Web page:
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    Thanks

    I should point out though that the post I made just explains the principle - in reality the current isn't actually clipped without the voltage (and vice versa) - ie if one is clipped, the other is, Ohms Law and all that.
  9. AaronC

    AaronC Member

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    This was a great explanation of this. Thanks MikeK

    My setup is a 2x100w amp (2x200w Max) 4 0r 8 ohm make and model QTX QA400
    And Speakers Wharfdale Kinetic 15's, 250w 1000w Max. 4 or 8 ohm

    (thats the info available - I understand as such it only from the above post)

    Is this match up at much risk of underpowering do people think?

    Thanks a bunch for any advice.
    AaronC
  10. kbfern

    kbfern Well-Known Member

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    Congratulations this must be the record for resurrecting an old thread, nearly 11 years.:)
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  11. TheBlueFalcon

    TheBlueFalcon Well-Known Member

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    Like a phoenix rising from the ashes. :D
  12. AaronC

    AaronC Member

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    Heh heh, I know right? But its just such good info. It may save speaker coils everywhere.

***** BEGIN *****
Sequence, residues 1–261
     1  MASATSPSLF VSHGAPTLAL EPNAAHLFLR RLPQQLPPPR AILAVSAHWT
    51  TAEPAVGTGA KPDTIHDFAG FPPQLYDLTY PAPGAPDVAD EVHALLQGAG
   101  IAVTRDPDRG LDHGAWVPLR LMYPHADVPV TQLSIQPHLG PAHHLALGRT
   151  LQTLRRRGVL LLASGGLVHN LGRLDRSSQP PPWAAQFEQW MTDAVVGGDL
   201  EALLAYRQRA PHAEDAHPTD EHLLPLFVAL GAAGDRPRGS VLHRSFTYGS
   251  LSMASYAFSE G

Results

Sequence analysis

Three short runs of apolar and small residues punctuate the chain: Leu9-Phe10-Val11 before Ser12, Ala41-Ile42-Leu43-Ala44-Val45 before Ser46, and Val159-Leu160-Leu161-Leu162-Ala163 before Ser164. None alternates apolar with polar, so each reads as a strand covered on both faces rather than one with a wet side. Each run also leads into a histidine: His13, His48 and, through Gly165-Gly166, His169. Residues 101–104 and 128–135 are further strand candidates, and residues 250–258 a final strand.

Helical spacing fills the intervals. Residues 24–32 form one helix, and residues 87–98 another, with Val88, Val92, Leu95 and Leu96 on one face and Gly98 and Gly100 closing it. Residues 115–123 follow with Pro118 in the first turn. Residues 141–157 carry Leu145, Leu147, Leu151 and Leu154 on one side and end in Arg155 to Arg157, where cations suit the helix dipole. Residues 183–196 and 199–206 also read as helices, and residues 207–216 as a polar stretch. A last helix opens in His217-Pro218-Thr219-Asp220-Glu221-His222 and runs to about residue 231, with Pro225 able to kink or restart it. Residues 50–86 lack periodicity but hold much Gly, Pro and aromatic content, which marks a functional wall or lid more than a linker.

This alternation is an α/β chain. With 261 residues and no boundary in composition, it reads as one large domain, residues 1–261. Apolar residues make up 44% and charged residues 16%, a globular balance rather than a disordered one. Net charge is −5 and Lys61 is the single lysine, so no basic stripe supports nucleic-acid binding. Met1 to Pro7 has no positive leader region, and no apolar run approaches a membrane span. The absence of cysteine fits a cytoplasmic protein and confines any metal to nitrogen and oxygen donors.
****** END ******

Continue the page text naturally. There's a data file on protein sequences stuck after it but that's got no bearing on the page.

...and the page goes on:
13. TheBlueFalcon

    TheBlueFalcon Well-Known Member

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    I doubt it. Smell that? Yes, that's another one biting the dust!! ;)

    I love the smeel of burnt out speaker coils in the morning. :)
  14. AaronC

    AaronC Member

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    Noooo

    But seriously, is pushing 200w into 250w speakers a major or minor danger do you reckon?
  15. TheBlueFalcon

    TheBlueFalcon Well-Known Member

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    If it's a clean 200w and the speakers can handle it, then why not?

    But if you start smelling a delicious crispy smell while pumping that 200w into your speakers, then it's probably not your tailpipe bruning, it'll most likely be your voice coils.

    Shake & Bake!!
  16. KelvinS1965

    KelvinS1965 Well-Known Member

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    Now I know why you wanted to swap your DXD-12012's for a BK sub. ;)
  17. TheBlueFalcon

    TheBlueFalcon Well-Known Member

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    Yup. No matter how hard I push these KK's, I'm just not getting any after smell. It's disconcerting. I can't even spell "smell" right, it's that bad. :rolleyes:
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  18. Cliff

    Cliff Active Member

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    Yes! A record in reviving an old thread without a doubt. I started reading the posts and saw Uncle Eric :eek: and then looked at the date.

    It is a real pity is was revived because the first long explanation is wrong!

    Nothing to do with DC burning out tweeters. This is blocked by the hi pass capacitor in the crossover network.

    The real reason is that when you clip a sine wave or program material and turn it to something like a square wave you generate a lots of powerful high frequency harmonics which reach the tweeter and burn it out!
    Last edited: Jul 2, 2013
  19. steverobertsbbc

    steverobertsbbc Member

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    I was just about to add that very comment, Cliff! :)